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### 9.11

Posted: Wed Jan 31, 2018 1:23 am
For this question, we have to change use pressure instead of volume for the formlua deltaS=nRln(V2/V1) and it says we just use the inverse relationship of volume and pressure to do (P1/P2) instead of (V2/V1). Is this the only way to solve it or is this the only way?

### Re: 9.11  [ENDORSED]

Posted: Wed Jan 31, 2018 8:00 am
We are not given values for V or T in this problem. Only n and P. Thus, two of the unknowns in the ideal gas equation of state PV = nRT are left unknown. The information that the change occurs isothermally is enough for us to use the formula $\Delta S = nRln\frac{V_{f}}{V_{i}}$ but since we are given values of P and no way to pin down V we must use the expression $\Delta S = nRln\frac{P_{i}}{P_{f}}$ which you can derive by substituting V = nRT/P for the final and initial conditions in the first expression.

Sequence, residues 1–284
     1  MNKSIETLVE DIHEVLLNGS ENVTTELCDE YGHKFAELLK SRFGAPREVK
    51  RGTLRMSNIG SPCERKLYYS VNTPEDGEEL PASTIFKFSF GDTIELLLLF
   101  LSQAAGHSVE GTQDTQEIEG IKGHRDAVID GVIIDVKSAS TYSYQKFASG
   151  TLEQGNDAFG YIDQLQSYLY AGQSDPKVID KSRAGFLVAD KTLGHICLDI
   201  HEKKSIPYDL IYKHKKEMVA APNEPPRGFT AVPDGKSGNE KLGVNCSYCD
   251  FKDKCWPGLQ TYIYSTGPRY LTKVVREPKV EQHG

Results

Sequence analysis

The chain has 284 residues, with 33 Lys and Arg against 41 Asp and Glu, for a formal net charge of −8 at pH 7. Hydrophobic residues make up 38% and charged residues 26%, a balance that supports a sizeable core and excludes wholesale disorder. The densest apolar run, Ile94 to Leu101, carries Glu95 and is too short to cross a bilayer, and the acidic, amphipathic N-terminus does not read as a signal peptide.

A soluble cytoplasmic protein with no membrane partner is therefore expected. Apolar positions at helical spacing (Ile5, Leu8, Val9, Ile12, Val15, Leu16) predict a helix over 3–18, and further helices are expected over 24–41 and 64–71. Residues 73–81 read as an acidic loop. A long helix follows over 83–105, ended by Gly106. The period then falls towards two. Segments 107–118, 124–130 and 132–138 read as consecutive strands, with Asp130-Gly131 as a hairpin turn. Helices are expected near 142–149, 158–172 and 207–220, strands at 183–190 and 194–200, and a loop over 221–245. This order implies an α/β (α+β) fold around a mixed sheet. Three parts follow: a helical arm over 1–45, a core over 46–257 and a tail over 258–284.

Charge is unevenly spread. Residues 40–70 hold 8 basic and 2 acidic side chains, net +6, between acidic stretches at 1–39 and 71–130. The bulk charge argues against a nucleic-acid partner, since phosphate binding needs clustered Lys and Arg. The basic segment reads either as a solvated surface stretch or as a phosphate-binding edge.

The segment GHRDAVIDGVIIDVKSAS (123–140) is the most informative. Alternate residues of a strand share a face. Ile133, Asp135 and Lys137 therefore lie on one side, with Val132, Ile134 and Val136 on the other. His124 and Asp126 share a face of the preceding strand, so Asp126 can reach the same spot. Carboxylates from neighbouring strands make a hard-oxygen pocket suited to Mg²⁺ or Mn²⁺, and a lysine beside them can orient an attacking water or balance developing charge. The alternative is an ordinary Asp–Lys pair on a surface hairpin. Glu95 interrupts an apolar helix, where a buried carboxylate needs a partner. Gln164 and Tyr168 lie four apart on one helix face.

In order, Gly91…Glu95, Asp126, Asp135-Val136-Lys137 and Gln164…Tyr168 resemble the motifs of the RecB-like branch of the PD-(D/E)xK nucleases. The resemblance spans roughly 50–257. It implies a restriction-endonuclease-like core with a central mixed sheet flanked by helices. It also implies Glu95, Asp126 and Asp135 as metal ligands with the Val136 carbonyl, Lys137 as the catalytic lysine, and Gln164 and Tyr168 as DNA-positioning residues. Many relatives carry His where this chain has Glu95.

### Re: 9.11

Posted: Thu Feb 01, 2018 2:07 pm
We also use P1/P2 as opposed to V2/V1 since pressure and volume are inversely related. P1V1=P2V2.

### Re: 9.11

Posted: Thu Feb 01, 2018 2:09 pm
Chem_Mod wrote:We are not given values for V or T in this problem. Only n and P. Thus, two of the unknowns in the ideal gas equation of state PV = nRT are left unknown. The information that the change occurs isothermally is enough for us to use the formula $\Delta S = nRln\frac{V_{f}}{V_{i}}$ but since we are given values of P and no way to pin down V we must use the expression $\Delta S = nRln\frac{P_{i}}{P_{f}}$ which you can derive by substituting V = nRT/P for the final and initial conditions in the first expression.

Can you derive the P1/P2 formula from the q/T formula? Or does it just come from the V2/V1 formula?